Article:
Is it okay if the Input Voltage and Current are : 12V 1.2A

I'm using the Arduino UNO and SM5100B-D as my project. Recently I've been able to use it with the external power supply which maximum, able to give 12V and 1.2A... Along these testing days, I don't see any problems with it and both of my board are working perfectly... But, as my concern, is it okay to use it for 24 hours, 7 day/week??? I just need to use it for 12 - 15 hours per day.. So anyone who have the knowledge or what is good/not or even if it's healthy to use, please reply me a.s.a.p....

If your stuff attached to the arduino don't draw very much current 12V will be fine on a permanent basis. A few 10's of milliamps and the onboard regulator won't get very hot. A few hundred milliamps is a different story. The Arduino on its own will pull about 20-30 mA

kaizokudankaiser: I'm using the Arduino UNO and SM5100B-D as my project. Recently I've been able to use it with the external power supply which maximum, able to give 12V and 1.2A... Along these testing days, I don't see any problems with it and both of my board are working perfectly... But, as my concern, is it okay to use it for 24 hours, 7 day/week??? I just need to use it for 12 - 15 hours per day.. So anyone who have the knowledge or what is good/not or even if it's healthy to use, please reply me a.s.a.p....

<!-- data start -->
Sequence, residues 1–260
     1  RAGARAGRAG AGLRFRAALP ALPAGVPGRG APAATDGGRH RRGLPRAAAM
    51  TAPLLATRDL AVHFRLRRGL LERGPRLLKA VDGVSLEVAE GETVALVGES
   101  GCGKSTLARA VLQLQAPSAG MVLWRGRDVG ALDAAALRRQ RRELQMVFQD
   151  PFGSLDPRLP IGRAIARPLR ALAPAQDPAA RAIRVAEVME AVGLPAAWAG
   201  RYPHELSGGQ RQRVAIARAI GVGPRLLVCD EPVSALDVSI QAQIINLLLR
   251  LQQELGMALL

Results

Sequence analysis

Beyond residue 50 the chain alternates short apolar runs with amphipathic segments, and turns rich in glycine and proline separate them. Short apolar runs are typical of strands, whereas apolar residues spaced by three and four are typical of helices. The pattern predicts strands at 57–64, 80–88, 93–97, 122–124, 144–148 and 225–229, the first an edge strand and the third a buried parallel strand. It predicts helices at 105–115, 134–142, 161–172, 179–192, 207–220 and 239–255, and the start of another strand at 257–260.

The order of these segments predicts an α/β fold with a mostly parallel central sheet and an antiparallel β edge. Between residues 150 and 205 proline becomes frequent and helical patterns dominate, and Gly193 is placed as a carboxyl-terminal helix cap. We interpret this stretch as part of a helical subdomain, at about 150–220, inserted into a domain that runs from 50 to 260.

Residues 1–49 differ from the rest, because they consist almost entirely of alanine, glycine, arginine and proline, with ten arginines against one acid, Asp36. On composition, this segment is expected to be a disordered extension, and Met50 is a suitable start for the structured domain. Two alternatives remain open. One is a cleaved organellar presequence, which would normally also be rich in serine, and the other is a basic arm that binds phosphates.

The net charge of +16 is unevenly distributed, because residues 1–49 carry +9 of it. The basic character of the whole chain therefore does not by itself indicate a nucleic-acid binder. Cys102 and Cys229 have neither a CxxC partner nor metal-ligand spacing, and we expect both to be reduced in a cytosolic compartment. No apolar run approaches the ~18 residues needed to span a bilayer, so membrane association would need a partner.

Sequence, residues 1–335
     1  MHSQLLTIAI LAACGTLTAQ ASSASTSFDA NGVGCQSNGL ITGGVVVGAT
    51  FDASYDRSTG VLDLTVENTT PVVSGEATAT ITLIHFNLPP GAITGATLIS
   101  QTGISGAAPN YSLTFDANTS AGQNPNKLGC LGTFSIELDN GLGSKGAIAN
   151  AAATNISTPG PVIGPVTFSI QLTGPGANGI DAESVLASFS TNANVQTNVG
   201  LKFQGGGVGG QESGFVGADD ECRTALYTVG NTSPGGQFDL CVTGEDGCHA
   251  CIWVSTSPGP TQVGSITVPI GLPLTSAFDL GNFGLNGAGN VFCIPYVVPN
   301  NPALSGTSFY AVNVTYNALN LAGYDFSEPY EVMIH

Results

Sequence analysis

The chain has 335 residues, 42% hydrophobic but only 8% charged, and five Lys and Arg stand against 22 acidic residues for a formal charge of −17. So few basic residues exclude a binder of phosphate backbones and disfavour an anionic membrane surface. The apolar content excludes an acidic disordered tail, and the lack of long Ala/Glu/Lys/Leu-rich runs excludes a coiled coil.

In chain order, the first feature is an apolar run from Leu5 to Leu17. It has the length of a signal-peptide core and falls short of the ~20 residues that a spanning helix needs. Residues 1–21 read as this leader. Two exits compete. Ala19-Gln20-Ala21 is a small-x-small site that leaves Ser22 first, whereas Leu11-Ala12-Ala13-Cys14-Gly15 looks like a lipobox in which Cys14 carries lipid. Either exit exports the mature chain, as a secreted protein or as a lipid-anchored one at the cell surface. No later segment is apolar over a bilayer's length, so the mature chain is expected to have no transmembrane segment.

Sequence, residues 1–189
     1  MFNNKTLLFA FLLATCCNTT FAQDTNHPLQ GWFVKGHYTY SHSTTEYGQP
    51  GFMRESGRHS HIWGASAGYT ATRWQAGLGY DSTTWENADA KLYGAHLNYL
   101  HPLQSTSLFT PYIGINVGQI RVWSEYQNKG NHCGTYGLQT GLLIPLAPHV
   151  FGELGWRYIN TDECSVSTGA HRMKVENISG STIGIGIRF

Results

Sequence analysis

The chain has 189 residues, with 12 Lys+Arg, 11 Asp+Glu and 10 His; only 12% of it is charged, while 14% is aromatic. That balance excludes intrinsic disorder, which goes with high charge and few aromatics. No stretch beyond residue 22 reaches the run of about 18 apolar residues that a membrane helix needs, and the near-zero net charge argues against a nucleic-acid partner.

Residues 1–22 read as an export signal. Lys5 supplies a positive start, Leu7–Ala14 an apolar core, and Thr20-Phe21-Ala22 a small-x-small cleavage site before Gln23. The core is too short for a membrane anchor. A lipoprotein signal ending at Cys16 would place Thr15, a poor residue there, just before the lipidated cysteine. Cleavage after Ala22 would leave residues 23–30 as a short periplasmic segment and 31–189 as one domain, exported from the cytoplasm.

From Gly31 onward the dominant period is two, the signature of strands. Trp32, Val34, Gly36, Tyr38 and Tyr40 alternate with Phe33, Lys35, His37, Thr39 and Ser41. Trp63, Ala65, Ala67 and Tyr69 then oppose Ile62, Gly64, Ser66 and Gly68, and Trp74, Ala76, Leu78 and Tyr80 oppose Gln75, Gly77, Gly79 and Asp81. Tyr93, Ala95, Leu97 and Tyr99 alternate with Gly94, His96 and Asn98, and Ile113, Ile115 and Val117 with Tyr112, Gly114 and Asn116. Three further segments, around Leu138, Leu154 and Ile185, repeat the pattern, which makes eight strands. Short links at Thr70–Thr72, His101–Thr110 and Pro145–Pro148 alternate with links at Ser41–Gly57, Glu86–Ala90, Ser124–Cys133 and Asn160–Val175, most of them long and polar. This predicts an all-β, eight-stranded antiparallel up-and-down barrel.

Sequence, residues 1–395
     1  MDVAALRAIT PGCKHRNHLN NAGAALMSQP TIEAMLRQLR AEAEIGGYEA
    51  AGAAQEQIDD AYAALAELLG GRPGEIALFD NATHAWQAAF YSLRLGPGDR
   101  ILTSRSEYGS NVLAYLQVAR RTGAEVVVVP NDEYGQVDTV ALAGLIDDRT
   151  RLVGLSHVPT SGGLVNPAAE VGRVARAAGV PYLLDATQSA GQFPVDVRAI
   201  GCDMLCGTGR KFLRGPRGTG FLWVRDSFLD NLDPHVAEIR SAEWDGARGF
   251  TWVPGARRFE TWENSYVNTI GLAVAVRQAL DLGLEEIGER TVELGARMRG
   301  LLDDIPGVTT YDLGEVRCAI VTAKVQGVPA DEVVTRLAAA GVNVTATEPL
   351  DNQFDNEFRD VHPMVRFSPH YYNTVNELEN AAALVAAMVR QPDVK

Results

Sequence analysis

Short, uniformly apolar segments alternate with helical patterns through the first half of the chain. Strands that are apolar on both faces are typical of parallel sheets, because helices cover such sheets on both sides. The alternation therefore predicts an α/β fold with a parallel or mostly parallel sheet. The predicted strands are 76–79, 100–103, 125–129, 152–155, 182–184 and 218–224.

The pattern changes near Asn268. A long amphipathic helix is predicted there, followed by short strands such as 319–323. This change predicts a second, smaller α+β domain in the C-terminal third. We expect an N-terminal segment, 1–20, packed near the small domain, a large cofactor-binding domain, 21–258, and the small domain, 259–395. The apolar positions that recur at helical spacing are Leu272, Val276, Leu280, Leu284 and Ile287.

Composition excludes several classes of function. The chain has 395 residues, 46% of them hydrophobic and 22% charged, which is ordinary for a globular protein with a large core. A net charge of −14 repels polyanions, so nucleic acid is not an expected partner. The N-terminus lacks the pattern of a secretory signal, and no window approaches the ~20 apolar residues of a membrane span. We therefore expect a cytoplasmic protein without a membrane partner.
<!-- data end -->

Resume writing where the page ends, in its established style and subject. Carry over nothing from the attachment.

The Arduino should be OK (I don't know what an "SM5100B-D" is, though); the regulator may get a bit warm (as it needs to drop 12 volts to 5 volts, dumping 7 volts as heat - its a linear regulator, so isn't very efficient - so you may notice the board getting warm - the regulator uses the PCB as the heatsink - if you can find a small heatsink and can superglue it on the regulator, it will help). If you are concerned about the heat, then use a lower voltage power supply (a 9 volt power supply capable of supplying 1 amp would be perfect).

Something else to keep in mind - power supplies are "sources" of current, while devices like the Arduino are "sinks" of current; in other words, the Arduino (and other parts) will only draw as much current as they need, and "no more" (note that as things approach zero resistance, current consumption tends toward "infinite"); thus a device rated at a current consumption of "500 mA" will only ever draw, at max (unless something weird occurs, like a short) 500 mA - even if the source of the current is 1000 amps or more (I wouldn't recommend playing around with such a power supply, though - but in reality this is correct; for instance, you could power your Arduino off a 12 VDC car battery - which is easily capable of sourcing 200 amps or more).